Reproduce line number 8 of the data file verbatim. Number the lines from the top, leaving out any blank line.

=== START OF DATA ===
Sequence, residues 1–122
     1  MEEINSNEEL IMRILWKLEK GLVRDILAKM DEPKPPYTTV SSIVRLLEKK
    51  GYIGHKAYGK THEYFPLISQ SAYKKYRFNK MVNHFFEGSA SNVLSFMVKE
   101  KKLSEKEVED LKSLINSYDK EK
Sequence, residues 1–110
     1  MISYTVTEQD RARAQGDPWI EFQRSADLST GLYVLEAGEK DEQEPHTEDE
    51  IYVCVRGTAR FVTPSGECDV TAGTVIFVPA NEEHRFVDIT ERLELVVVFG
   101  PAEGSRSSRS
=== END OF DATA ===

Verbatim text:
   101  PAEGSRSSRS